Before Tristan was born, I was indifferent on the matter. Truth be told, I hadn’t considered them only because I didn’t realise a baby could have one from birth. I thought they were for older kids (holds head in shame). I don’t know whether I would have ever clicked on had it not been for a Midwife’s advice when Tristan was two days old. Tristan was born at 37 weeks, before his arrival, my husband had booked to travel to Wembley. I’d pleaded with him not to go. Instinctively, I knew my son was coming early. ‘You’ll miss the birth’ I uttered. He didn’t listen but luckily for him, Tristan came two days before he was meant to leave. Tristan’s severe jaundice saw him rendered to a BillyBed for his first 72 hours. Unable to cuddle him and comfort him, he squealed excessively. The only thing that would comfort him was sucking on his Father’s knuckle. So, for 16 hours straight, Dale stood perched over his cot with his finger in Tristan’s mouth. As Wembley drew nearer, the anxiety grew. How were we going to cope without ‘Golden Finger’? Then, like god answering our prayers, a midwife chirped ‘for crying out loud, buy this boy a dummy’. A dummy? It was that simple! We’ve really never looked back. I get that they’re not for every baby but some of you will have suckers and those suckers may need a dummy!

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2: White Noise Helps Babies Focus

This is another thing I would have never known before having a child. Babies are lulled by the sound of the womb. They constantly hear the sound of their Mother’s heart beating as well as the swishing and swooshing of water.

When Tristan was first born, he despised sleep. In fact, I could actually see the fear in his eyes as nighttime crept in. He was, quite simply, petrified. Doing as most Mothers will do, I took to the Internet for answers. In one of the chat rooms, I became acquainted with the notion of ‘white noise’. Thinking that I might as well give it a go (we had nothing else to lose – the only previous sound to comfort Tristan was Beyoncé. We listened to ‘Drunk In Love’ that many times on loop that my karaoke version is easily perfected), I downloaded an App. The sound of the womb was heavy and constant but I witnessed the calm wash over Tristan as he recognised a familiar sound. Soon, it became part of our nightly routine. When we first brought our Daughter home from NICU, we knew more than ever that white noise would be our saviour. At 5 weeks old, she had become accustomed to the bleeps and bangs of a busy hospital ward. Silence was going to be new…and scary! If any of you have poor sleepers, this could be the trick you’re after.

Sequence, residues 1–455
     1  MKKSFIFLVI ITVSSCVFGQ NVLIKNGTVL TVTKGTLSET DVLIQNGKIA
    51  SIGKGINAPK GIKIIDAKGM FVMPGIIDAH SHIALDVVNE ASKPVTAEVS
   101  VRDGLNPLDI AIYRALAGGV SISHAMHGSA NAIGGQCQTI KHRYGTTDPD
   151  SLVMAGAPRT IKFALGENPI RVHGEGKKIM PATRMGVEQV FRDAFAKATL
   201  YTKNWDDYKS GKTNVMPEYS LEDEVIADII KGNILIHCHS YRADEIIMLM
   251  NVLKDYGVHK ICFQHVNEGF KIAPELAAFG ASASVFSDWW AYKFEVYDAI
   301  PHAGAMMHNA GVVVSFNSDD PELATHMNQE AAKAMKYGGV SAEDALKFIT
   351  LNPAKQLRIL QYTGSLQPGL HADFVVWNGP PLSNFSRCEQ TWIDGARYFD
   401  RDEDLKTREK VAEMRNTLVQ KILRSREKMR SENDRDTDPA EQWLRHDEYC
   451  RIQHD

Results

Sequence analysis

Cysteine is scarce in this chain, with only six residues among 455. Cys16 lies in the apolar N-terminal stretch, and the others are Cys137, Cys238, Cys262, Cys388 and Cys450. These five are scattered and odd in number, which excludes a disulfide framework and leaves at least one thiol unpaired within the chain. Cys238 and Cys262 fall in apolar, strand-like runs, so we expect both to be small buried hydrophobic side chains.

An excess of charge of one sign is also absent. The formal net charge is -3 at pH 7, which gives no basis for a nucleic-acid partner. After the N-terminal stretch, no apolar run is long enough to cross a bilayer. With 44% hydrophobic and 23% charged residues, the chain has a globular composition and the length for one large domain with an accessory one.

3: Dream Feeds are Magnificent

It didn’t matter how long my children had been settled for or how long it had been since their last feed, they always received a bottle (or breast) at 11pm at night. This guaranteed us at least 4 hours steady sleep. A human can function on 4 hours, 4 hours seems divine. I always offered my babies more than their usual bottle and it never failed us. Once again, I can’t promise that this will work for your baby but, if you’re in need of sleep and haven’t yet tried this tactic, it may work.

4: Swaddle Pods are Easier Than Blankets

I’d heard the risk of swaddling a baby, I knew the statistics proved that it could result in cot death. I worried endlessly about this but my son just wouldn’t settle if his arms and legs were free. The amount of times I peered over his cot to find his blanket completely covering his face worried me more so. I studied how to Swaddle properly on YouTube but I never felt confident. So, I took to Mamas and Papas determined for a solution. They presented me with a ‘Swaddle Pod’ it was made out of Lycra and was as easy as fastening a zip. It also reassured me that the product had been medically tested and the light material was designed to help regulate babies’ body temperatures. I was sold! The product looked cruel and many family members expressed their thoughts that we shouldn’t use it but we did what we thought was best for our child and I stand by that decision. Tristan needed his arms and legs restricting, he became too easily overstimulated. The Swaddle pod lasted until he was 5 months old, it definitely made our lives easier.